China controls 97 per cent of global rare-earth metals production

China controls 97 per cent of global rare-earth metals production (smh.com)

In Mountain Pass Mine, California located in the Mojave Desert,  the mine could hold the key to the US challenging China’s technological domination of the 21st century.

At the bottom of the vast site, beneath many metres of water, runs a rich seam of ores that are rapidly emerging as the building blocks of our high-tech future.

The mine is the largest known deposit of rare-earth elements outside of China. Eight years ago, it was closed in a tacit admission the US was ceding the market to China. Now the owners of the mine have secured final approval to restart operations and hope to begin production soon.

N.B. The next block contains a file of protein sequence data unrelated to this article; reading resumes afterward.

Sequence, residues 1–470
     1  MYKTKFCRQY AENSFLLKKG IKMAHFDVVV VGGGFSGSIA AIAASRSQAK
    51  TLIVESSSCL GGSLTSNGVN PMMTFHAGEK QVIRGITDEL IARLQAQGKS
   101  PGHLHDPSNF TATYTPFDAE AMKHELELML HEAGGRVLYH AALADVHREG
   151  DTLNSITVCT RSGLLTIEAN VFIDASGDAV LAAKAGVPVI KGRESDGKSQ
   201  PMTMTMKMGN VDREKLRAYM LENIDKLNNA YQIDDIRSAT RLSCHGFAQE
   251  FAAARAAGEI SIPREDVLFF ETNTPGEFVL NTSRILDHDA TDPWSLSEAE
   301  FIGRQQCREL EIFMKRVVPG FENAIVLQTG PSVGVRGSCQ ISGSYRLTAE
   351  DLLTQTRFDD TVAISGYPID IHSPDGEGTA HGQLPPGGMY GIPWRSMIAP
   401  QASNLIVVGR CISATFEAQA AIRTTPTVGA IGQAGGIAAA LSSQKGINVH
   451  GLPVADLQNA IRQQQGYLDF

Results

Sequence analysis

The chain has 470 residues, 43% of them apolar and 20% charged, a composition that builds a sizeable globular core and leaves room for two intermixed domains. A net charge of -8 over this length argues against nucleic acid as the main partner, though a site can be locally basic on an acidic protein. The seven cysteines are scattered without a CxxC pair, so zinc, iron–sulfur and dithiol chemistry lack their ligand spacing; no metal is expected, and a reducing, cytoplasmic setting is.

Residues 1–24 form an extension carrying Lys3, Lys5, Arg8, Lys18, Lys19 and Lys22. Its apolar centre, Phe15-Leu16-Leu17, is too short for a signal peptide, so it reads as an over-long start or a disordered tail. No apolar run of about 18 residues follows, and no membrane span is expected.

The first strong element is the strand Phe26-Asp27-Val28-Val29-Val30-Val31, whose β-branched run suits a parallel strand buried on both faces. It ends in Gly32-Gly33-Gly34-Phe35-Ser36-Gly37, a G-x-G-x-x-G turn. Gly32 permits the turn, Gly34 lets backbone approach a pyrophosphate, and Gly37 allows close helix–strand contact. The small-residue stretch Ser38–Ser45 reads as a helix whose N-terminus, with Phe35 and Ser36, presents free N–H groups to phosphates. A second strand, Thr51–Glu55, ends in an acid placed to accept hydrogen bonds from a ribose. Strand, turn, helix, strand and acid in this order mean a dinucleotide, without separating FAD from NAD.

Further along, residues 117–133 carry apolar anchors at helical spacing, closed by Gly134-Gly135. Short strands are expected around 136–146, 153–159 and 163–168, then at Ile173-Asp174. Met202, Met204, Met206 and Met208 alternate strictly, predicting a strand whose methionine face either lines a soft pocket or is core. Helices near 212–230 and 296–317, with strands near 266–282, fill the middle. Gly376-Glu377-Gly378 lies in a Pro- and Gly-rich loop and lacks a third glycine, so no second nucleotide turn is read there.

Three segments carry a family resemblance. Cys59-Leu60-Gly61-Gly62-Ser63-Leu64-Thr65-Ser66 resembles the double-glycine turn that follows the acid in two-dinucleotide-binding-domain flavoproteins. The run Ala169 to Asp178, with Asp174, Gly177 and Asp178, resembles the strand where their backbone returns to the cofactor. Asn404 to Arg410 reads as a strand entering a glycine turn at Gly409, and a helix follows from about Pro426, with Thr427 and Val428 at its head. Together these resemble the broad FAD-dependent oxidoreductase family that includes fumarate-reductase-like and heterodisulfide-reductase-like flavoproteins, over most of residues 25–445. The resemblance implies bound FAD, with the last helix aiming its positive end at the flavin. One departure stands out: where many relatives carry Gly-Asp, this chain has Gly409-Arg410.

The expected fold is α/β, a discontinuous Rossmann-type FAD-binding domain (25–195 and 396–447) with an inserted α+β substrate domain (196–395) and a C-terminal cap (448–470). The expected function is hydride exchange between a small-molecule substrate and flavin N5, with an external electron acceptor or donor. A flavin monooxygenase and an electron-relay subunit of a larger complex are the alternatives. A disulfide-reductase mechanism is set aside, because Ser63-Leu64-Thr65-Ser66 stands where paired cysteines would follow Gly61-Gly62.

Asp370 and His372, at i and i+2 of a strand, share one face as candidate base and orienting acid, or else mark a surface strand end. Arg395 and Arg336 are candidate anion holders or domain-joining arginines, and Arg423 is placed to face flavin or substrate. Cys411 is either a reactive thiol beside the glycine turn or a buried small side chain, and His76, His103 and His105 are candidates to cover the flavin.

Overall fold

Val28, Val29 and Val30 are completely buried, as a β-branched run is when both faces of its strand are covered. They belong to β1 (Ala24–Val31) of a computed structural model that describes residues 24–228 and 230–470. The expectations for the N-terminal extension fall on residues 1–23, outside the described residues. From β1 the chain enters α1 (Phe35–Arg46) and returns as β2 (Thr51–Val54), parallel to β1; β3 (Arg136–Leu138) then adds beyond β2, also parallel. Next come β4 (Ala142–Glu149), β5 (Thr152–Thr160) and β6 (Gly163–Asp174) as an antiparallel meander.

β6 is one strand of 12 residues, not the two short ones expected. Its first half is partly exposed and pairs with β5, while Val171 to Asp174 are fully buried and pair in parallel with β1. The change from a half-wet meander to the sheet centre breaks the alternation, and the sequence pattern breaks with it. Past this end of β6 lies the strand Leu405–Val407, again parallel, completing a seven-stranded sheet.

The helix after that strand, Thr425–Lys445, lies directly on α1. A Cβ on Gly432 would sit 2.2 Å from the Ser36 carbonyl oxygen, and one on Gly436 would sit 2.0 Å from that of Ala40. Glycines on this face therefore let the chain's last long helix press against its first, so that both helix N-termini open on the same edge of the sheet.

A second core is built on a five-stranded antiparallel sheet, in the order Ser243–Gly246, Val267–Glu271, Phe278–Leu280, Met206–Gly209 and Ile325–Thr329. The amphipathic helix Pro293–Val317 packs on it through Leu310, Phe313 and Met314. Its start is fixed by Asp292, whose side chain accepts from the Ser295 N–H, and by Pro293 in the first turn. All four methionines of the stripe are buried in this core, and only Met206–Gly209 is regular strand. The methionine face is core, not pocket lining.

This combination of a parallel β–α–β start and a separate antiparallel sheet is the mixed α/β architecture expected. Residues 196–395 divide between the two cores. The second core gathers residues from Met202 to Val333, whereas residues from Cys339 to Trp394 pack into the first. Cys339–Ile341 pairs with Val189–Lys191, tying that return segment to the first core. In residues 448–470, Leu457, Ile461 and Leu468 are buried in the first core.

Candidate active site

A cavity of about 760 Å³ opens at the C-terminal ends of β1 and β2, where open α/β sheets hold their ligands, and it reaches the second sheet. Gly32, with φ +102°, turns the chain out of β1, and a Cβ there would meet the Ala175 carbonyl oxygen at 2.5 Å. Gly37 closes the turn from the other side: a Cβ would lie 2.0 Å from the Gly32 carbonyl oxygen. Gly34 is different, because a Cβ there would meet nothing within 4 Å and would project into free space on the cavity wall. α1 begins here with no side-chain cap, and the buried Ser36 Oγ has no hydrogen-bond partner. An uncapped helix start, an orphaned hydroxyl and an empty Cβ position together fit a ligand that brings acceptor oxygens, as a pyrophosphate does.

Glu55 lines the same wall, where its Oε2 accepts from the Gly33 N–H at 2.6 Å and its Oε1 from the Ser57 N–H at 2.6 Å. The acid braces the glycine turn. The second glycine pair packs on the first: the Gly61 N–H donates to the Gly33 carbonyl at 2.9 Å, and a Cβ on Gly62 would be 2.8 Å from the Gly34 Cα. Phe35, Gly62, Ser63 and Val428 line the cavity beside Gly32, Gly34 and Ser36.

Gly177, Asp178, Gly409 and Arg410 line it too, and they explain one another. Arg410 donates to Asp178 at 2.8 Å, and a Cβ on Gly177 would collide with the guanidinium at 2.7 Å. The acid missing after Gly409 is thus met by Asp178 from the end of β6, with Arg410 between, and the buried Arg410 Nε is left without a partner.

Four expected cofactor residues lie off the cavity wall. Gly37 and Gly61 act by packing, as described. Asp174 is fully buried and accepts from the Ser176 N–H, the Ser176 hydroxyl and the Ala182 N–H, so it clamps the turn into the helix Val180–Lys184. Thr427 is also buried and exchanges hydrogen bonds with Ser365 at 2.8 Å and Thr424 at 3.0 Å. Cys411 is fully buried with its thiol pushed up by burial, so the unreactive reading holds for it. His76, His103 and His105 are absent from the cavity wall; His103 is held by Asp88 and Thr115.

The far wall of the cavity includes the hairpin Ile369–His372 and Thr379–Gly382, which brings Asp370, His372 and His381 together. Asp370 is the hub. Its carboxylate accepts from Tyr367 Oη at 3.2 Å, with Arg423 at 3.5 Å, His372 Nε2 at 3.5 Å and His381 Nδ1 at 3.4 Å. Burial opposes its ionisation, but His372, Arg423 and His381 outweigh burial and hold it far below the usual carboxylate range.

China controls 97 per cent of global rare-earth metals production. Such total domination of a strategic resource became impossible to ignore in October when China cut exports of rare-earth elements by more than 70 per cent compared with the previous year, disrupting manufacturing in Japan, Europe and the US.

Prices of even the cheapest of the 17 rare-earth elements rose by 40 per cent. Exports will be cut a further 11 per cent in the first half of this year.

My Two Cents: Without these elements we cannot manufacture the equipment for the technology we  require, unless we locate these elements elsewhere, or pay huge prices to China. Its basic economics, supply vs demand.

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